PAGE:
About me


I'm Chila, welcome to my website!

Since the mid-1980s I have been exploring the experiences and aesthetics of Asian femininity in paintings and installations, photography and printmaking, video and film. In my more recent works, this theme has taken on a new power and vibrancy. 

Challenging stereotypical assumptions of Asian women, my work is informed by popular culture, Bollywood, fashion, found objects, the celebration of femininity; self-portraiture exploring the production of my own sexuality and dynamism; the relationship between popular culture and high art; gender and identity politics.

I hope you enjoy learning more about me and exploring over 40 years of my works! 

Much pyar x


Chila Burman



    My studio is in Hackney, a culturally vibrant area in East London. I often begin my ideas with sketches on paper or on my iPad. I can doodle for hours, normally in the early hours of the morning, when I find my mind is at its most creative. I find inspiration in iconography, the meeting of Eastern and Western art histories, my own heritage, family and childhood memories. Whether it's carbon-etching, painting, collage or 3D sculpture, I always like to use my hands to create, as a means to connect myself to my art. 

    I've been in the same building for over 20 years and find the ever-changing community and landscape of Hackney lends itself to creativity and fresh thinking. 

  • 'Throughout her career the artist has drawn on a plethora of aesthetic strategies ranging from the use of found objects and Hannah Höch inspired collage to Arte Povera-style use of diverse materials with a post-punk DIY attitude.'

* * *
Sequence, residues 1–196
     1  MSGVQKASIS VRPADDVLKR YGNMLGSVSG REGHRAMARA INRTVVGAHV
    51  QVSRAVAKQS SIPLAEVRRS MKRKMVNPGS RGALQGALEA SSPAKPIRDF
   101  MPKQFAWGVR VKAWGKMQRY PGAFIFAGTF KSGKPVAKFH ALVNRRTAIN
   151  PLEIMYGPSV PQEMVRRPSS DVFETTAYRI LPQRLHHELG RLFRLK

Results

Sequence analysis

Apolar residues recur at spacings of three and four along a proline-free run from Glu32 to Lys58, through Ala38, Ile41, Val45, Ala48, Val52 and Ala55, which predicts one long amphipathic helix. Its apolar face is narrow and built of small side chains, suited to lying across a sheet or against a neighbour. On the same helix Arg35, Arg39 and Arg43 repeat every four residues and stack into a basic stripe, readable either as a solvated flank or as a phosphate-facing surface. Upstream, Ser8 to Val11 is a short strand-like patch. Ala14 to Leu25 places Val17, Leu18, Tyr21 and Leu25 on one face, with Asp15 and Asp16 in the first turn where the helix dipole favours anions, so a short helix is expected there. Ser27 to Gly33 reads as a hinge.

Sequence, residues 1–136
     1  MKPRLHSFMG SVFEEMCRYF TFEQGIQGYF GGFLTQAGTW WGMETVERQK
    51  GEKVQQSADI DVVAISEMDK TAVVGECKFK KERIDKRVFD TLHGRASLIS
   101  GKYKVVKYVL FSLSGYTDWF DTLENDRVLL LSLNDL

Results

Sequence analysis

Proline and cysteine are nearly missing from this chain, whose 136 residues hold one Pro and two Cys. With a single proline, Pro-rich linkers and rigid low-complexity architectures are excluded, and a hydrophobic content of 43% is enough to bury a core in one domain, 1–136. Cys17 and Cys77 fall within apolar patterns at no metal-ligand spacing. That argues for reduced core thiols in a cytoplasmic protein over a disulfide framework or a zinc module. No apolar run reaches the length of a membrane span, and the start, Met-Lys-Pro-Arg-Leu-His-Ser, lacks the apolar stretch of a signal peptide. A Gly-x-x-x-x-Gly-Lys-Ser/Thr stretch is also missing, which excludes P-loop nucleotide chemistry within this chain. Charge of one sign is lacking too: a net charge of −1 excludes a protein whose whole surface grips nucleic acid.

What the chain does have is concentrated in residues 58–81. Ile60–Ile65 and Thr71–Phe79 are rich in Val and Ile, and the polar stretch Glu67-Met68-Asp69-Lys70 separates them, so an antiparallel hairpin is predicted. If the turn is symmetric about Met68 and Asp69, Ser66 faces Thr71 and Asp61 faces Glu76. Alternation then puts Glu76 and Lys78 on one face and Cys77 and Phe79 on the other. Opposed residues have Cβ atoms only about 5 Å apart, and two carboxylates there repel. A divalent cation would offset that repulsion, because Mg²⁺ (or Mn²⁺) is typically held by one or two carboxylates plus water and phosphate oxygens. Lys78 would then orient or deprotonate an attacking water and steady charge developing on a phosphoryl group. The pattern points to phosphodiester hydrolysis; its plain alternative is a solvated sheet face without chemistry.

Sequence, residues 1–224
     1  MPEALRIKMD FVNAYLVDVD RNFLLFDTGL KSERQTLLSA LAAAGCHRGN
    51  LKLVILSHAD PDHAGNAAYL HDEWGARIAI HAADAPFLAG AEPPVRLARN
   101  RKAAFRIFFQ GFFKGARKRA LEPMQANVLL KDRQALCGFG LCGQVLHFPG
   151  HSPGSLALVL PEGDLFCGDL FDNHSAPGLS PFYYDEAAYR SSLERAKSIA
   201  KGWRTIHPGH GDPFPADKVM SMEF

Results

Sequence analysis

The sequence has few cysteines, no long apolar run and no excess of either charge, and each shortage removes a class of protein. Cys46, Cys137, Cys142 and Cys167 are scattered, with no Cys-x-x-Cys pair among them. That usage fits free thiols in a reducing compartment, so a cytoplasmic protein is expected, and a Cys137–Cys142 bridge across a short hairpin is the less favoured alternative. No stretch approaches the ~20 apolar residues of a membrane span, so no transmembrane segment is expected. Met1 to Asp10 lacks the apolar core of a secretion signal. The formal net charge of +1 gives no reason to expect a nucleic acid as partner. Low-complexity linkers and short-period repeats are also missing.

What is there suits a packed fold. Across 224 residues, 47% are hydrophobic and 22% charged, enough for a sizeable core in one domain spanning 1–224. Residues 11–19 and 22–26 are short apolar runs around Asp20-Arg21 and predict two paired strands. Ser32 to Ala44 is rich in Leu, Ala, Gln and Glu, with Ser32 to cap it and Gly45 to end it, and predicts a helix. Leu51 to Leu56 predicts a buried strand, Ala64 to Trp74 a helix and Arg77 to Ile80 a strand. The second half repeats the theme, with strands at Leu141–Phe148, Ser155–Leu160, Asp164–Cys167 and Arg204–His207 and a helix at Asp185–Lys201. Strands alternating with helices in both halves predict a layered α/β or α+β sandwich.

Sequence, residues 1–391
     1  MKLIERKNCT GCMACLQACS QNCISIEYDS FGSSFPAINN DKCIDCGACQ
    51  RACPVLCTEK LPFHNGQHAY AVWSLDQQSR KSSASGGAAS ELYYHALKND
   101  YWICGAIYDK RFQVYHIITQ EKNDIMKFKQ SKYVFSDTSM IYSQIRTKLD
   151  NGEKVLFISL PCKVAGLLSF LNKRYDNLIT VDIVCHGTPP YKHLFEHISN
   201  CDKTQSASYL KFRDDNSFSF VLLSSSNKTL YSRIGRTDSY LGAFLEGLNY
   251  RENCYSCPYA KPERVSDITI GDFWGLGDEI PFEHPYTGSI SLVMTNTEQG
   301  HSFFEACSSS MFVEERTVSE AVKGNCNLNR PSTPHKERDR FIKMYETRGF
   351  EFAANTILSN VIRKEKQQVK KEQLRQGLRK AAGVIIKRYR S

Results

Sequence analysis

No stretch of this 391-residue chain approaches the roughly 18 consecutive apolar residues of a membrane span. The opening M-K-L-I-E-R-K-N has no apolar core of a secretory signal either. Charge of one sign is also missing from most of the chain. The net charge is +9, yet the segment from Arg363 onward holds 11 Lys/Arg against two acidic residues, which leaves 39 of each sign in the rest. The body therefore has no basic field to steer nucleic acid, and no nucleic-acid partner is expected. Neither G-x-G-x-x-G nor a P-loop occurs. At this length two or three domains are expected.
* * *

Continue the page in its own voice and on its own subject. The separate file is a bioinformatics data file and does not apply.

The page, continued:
Arjmand Aziz, SOAS University of London 

    As a graduate of print, the tactile nature of paper is important to me but regardless of the materiel, I find every surface, whether its concrete walls for mural painting, cast-iron balustrades, neo-classical columns or even our bodies, I can find a canvas for expression. 

    I collaborate with some of the leading craftspeople and specialists in the world, from Bermondsey-based OMNI print for digital graphics, to Set Works for large-scale neon installations, I always love to watch, learn and get stuck in myself on the technical application of my artworks into whatever format it requires. 

    My studio is a repository of ideas. I hoard everything, from magazines, leaflets, stickers, statues, ceramics, glassware, cones, mannequins, you name it, I'll keep it!

    My portfolios from student days and all of my sketchbooks from across the years are often a place I'll return to, to reflect, to explore how my thinking has changed or how it hasn't. I love cutting and pasting words and imagery from old books, magazine issues, catalogues or prints. And somewhere in amongst all of it, I always like to keep a bottle of fizz to keep me going. 



    Chila has always had a strong sense of the power of self-expression and the collective voice to bring about change. Her parents instilled in her the importance of looking after others, when they would bring guests to stay at our house in Liverpool to help them find their feet. 

    As a student, Chila explored political activism in her studies and that critical thinking has stayed with her. She taught in schools and universities across the world, from the North East of England, to Lahore, where she taught art alongside fellow artist, Phyllida Barlow. 

    In the late 1990s, she worked on fundraisers to end Apartheid in South Africa. 

    Race and the lived experience of people of colour and ethnic minorities has always been important to Chila. She was involved in the Black British Art movement in the 1980s and collaborated on group shows with some of the most important names on landmark exhibitions, including Lubaina Himid and Sonia Boyce.